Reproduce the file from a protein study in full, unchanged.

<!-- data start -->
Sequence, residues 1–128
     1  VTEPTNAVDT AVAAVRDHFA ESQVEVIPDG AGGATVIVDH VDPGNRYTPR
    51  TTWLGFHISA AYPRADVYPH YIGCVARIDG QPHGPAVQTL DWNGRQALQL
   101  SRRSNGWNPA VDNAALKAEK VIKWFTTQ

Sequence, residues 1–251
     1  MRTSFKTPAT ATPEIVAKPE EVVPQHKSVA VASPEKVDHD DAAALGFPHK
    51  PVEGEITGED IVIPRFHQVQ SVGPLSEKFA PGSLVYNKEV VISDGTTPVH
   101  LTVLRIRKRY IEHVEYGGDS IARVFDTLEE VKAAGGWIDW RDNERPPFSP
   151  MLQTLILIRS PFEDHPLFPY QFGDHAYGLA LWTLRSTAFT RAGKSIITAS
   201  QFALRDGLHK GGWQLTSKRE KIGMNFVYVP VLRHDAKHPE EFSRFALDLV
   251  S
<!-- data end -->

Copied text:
Sequence, residues 1–128
     1  VTEPTNAVDT AVAAVRDHFA ESQVEVIPDG AGGATVIVDH VDPGNRYTPR
    51  TTWLGFHISA AYPRADVYPH YIGCVARIDG QPHGPAVQTL DWNGRQALQL
   101  SRRSNGWNPA VDNAALKAEK VIKWFTTQ

Sequence, residues 1–251
     1  MRTSFKTPAT ATPEIVAKPE EVVPQHKSVA VASPEKVDHD DAAALGFPHK
    51  PVEGEITGED IVIPRFHQVQ SVGPLSEKFA PGSLVYNKEV VISDGTTPVH
   101  LTVLRIRKRY IEHVEYGGDS IARVFDTLEE VKAAGGWIDW RDNERPPFSP
   151  MLQTLILIRS PFEDHPLFPY QFGDHAYGLA LWTLRSTAFT RAGKSIITAS
   201  QFALRDGLHK GGWQLTSKRE KIGMNFVYVP VLRHDAKHPE EFSRFALDLV
   251  S